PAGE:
Great Britain

The fuel crisis is having a brutal impact on disabled people

“I can manage. Just about. At least I’m not going to be sitting in my own piss.”

That quote came up in conversation with a disabled friend while I was lamenting my failure to reach a Harry Potter show at the Royal Albert Hall that I’d booked as a treat for my daughter a couple of years ago. Covid, had obviously, forced its postponement. Using public transport to get to the venue was not an option for me, particularly given recent malign developments in my battered body, so we had to drive.

We had sufficient fuel for the journey. Trouble is, the roads were so clogged with people who presumably didn’t, that we had to turn back. Two hours in and we hadn’t even got halfway there, at an average speed of about 1 mph. My friend, meanwhile, was wondering whether his carer would be able to get to him. They help out with household jobs he finds difficult because of his physical condition.

Neither of us faced a real crisis, merely some disappointment (me) and a build up of washing and some other bits and pieces (him). Neither of us were in any real danger of ending up sitting in our own piss. But someone, somewhere, will be. It’s almost inevitable. If I couldn’t get where I was going, there’s a high chance someone on a more essential journey couldn’t get through.

Thanks to the fuel crisis, Britain has found itself effectively strapped to a wheelchair with punctured wheels. Hey, welcome to our world!

As a result, we have seen an outbreak of punch-up porn. Put a bunch of people in cars and make them queue up for hours on end for something that’s usually readily available – that they want, maybe need, feel entitled to – and it’s almost inevitable.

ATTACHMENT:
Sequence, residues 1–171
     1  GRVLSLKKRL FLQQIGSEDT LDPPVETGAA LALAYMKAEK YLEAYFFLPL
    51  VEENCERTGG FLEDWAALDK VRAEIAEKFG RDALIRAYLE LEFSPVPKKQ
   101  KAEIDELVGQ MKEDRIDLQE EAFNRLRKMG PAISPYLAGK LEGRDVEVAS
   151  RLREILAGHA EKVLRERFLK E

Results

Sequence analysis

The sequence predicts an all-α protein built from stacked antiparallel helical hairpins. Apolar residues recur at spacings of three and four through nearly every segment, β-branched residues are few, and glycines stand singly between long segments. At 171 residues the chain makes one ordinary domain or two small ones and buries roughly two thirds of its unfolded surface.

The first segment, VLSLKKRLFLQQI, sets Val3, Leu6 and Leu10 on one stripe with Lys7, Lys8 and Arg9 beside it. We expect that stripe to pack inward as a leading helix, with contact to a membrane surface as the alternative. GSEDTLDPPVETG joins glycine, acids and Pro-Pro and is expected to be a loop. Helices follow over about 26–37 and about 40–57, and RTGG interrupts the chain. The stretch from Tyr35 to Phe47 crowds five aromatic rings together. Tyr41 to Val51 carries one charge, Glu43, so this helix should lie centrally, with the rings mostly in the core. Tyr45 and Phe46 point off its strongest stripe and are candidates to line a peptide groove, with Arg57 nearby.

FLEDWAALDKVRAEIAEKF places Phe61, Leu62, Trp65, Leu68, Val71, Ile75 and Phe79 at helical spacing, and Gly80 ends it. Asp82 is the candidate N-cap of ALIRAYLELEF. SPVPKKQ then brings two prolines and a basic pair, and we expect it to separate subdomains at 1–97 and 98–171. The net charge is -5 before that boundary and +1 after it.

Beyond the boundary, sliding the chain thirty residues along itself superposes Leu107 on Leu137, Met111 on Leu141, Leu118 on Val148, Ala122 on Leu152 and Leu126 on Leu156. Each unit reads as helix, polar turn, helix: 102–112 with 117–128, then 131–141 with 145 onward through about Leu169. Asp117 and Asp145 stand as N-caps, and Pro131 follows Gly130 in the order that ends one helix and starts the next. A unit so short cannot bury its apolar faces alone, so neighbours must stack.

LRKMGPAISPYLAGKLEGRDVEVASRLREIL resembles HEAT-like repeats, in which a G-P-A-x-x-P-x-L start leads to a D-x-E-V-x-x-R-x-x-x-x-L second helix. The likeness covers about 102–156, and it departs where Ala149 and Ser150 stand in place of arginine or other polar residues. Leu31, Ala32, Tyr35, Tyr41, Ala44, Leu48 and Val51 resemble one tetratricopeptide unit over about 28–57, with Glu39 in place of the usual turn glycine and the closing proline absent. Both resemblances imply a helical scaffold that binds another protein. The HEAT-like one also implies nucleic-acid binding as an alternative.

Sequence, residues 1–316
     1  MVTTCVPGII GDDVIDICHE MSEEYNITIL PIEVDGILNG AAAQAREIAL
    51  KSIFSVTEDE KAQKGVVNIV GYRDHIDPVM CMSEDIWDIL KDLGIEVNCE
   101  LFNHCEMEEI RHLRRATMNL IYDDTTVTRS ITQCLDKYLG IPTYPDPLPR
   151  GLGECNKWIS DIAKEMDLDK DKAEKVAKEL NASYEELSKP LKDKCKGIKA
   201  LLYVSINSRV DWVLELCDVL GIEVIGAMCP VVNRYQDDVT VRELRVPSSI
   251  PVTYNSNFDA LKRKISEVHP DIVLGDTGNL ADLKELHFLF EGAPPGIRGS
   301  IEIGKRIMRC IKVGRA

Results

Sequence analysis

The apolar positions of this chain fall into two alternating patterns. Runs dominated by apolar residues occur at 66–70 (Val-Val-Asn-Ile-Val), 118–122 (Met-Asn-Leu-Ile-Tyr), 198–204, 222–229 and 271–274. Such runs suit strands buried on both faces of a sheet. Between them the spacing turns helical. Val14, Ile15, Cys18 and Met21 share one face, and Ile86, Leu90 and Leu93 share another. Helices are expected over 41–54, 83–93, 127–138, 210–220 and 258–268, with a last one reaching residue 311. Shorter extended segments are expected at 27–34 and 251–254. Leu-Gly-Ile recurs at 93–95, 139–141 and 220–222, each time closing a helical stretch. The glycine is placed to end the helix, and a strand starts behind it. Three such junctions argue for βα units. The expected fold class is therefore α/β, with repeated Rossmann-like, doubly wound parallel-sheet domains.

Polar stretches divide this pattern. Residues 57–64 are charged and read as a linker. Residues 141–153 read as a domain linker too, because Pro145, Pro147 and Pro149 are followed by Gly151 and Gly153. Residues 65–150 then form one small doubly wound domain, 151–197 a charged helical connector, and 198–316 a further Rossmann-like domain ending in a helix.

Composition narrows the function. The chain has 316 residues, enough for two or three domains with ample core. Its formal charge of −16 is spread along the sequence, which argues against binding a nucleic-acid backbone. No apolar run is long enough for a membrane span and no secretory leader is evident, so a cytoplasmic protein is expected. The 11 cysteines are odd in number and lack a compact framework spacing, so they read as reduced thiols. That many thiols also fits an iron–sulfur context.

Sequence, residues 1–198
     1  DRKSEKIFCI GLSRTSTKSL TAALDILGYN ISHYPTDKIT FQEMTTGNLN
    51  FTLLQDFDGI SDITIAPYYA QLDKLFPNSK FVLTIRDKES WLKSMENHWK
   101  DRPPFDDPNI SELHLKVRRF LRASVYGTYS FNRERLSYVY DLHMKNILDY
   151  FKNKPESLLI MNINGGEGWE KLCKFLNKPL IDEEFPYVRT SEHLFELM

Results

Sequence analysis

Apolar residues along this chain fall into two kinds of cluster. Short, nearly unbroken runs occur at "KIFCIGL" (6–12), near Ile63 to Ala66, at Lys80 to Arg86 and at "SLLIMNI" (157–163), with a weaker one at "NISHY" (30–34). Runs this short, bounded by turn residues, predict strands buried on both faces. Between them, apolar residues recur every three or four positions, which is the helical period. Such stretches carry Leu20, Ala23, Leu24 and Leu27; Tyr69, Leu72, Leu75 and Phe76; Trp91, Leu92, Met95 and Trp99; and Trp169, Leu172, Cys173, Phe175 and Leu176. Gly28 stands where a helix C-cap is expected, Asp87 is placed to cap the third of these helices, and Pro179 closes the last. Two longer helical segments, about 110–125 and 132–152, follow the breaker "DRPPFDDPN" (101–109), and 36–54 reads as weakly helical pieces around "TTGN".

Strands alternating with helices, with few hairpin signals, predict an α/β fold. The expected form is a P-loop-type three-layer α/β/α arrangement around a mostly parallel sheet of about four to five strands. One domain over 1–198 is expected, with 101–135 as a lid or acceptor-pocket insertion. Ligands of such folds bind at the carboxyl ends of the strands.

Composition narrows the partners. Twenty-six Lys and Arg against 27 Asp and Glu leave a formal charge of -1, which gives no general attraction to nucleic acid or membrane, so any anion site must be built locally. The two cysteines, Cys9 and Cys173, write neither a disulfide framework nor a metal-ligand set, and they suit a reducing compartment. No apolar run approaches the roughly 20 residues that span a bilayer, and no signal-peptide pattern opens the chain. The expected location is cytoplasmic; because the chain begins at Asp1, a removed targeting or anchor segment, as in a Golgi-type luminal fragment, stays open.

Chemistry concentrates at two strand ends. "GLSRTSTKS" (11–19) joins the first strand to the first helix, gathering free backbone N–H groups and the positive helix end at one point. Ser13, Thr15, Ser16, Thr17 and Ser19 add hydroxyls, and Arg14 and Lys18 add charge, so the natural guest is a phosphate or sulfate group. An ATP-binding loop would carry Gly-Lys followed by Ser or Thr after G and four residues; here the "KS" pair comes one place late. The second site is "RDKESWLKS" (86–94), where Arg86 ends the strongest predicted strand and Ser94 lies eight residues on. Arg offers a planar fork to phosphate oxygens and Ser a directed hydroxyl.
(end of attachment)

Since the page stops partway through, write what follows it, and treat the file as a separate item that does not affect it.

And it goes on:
Conflict is catnip, especially on social media. Videos have been posted, reported on, and reposted, all so people can watch other people behaving like those rutting stags that smash into each other during the mating season. Actually, that’s unfair on the stags. At least they have a reason for their antlered combat.

So, let’s tell it like it is: The battling boors at petrol stations are behaving like a*******s; yet the impact of the crisis on disabled people hasn’t been reported quite so well. Having a family outing mucked up is a relatively trivial consequence of it, although the cost wasn’t – and people have (kindly) told me I am quite justified in feeling annoyed, because all of this is completely unnecessary.

My friend also has the right to feel angry. He shouldn’t have to worry, he shouldn’t have to put himself at risk – and he shouldn’t find himself in difficulties as a result of this situation, either. As for the person who can’t move to get to the loo without the help of a carer who can’t get to them… is this really what we’ve become?

To the flag wavers and keyboard warriors who proclaim Britain is the “greatest country in the world”: how can you possibly say that when this is happening; when you can wander outside and stumble across a free boxing match at the local garage (without shelling out for an absurdly expensive pay-per-view package); all while disabled Britons are left to swing?

I don’t actually blame the goons who’ve been making out like pugilists filming trailers for the petroleum-sponsored rumble on the forecourt. Okay, maybe I do (a bit). But it is also true that among the people in those queues will have been those who genuinely needed fuel; feared they weren’t going to get it – and weren’t willing to listen to a government whose default response to issues arising from its ineptitude is to add lies to a hefty dose of denial, before stirring it all up and spicing it with a dash of gaslighting.

I blame that government, which has once again failed to consider that Britain has a sizeable corps of disabled people who were first forgotten while the pandemic was (and still is) killing us; have once again been left up a famous creek – sans paddle (obviously). Did you know that Britain is officially signatory to the United Nations on the Rights of Persons with Disabilities?

A few years ago, a panel arrived to assess its compliance. The verdict was fairly damning. This was at a time when the government had decided to classify large numbers of people with disabilities as not disabled at all, because of austerity (obviously).

I wonder what they’d say if they arrived today? Now, despite the fact that we supposedly have a National Disability Strategy (a joke without a punchline, that), those almost look like halcyon days – or at least a period of relative calm before the current storm.

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